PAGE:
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Visit to Dazu Rock Carvings Site

By George Uduigwome, Ed.D. ’12

The Dazu Rock Carvings Site features 75 sites of protected rock carvings which include more than 50,000 statues and 100,000 inscriptions found on several hills in the area. The carvings span a period of about 1000 years. The Dazu site is a convergence of Buddhist, Taoist and Confucian statue art and is located along the upper reach of Laixi River to the Northwest of Chongqing, Dazu County in China. Dazu was designated a UNESCO World Heritage Site in 1999.

From the plethora of carvings and inscriptions, statues like Layers of Hell, Hell, King of Hell, Filthy Hell, and Dark Hell at Dafowan, Baording Hill caught my attention because they were reminiscent of scenes from Inferno in the Divine Comedy trilogy (Paradise, Purgatory, Inferno) by Durante degli Alighieri, mononymously referred to as Dante, an Italian poet, prose writer, literary theorist, moral philosopher, and political thinker. The bas relief in question alludes to a stratified hell in which condemned souls are sentenced and tormented in alignment with the magnitude of their sins. However, the No.20 Cave of Dafowan at Baodingshan, made in South Song Dynasty contains the most detailed description of hell in Chinese grotto art: arranged in four levels with the third and fourth levels depicting the terrifying execution in hell.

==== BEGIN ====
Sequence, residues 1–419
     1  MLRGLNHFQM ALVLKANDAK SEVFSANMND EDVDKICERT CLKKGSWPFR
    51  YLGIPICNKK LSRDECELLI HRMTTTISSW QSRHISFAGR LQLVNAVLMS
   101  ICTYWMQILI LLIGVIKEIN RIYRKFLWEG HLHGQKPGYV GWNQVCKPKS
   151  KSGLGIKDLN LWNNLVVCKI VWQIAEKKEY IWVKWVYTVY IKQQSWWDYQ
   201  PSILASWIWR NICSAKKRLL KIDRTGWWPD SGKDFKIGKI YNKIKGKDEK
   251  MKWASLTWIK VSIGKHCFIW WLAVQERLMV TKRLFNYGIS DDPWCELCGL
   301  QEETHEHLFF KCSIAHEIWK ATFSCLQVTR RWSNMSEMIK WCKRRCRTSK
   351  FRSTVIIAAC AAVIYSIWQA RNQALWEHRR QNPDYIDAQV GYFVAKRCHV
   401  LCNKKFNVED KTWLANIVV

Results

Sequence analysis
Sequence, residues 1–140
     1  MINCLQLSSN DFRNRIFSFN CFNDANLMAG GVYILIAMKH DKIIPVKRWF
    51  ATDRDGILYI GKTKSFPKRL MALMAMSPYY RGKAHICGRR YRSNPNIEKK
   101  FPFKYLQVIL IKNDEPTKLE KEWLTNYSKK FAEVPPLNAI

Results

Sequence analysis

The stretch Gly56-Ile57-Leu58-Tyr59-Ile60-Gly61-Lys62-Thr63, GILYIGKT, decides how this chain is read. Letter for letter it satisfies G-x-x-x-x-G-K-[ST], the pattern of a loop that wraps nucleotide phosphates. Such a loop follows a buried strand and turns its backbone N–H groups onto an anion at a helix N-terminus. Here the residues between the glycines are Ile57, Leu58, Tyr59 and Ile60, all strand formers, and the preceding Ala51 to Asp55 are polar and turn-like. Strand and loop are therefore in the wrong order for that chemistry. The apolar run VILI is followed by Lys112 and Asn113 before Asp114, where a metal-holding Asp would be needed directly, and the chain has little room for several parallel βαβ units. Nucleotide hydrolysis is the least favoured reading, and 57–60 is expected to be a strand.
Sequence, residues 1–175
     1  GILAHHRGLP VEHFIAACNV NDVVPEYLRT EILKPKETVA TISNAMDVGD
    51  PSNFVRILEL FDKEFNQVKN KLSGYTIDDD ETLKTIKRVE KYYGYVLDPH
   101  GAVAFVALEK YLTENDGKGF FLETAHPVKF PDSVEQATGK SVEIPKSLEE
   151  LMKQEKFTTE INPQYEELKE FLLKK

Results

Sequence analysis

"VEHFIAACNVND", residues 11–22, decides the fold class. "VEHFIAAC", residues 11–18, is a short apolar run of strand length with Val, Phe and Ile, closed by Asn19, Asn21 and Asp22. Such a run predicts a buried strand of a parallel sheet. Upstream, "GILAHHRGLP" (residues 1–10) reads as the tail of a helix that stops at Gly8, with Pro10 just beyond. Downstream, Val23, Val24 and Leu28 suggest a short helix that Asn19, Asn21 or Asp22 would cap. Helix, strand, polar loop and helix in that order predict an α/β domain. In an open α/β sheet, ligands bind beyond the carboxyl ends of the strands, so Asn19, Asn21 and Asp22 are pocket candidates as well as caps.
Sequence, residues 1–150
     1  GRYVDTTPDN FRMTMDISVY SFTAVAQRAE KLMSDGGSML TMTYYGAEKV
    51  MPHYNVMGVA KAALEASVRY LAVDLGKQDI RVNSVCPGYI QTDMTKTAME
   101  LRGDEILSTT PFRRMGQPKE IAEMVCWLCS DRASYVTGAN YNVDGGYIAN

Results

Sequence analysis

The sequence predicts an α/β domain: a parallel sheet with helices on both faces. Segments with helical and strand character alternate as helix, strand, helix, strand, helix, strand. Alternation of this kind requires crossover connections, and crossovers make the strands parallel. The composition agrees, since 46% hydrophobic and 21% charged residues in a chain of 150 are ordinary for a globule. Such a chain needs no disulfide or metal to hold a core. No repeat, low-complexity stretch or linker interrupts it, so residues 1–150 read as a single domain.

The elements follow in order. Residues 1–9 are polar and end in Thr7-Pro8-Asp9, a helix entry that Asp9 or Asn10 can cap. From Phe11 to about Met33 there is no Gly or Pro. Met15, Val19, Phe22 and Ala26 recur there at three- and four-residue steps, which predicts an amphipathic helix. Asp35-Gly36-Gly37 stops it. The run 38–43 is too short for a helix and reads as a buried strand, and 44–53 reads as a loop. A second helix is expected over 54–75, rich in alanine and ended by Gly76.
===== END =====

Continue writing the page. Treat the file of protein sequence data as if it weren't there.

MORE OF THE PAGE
Interestingly enough, another panel depicts a piece that is suspiciously similar to Saturn Devouring one of his Children, a painting by Spanish artist Francisco Goya which he painted directly onto the walls of his house between 1819 and 1823. The painting shows Titan Cronus (Romanized to Saturn) eating one of his children because he feared they planned to overthrow him.

At Dazu Rock Carving Site: L-R: Sha, Pat, Tera, Farrah, Saba, Yu Wen, Lincoln, Zitlali, and George

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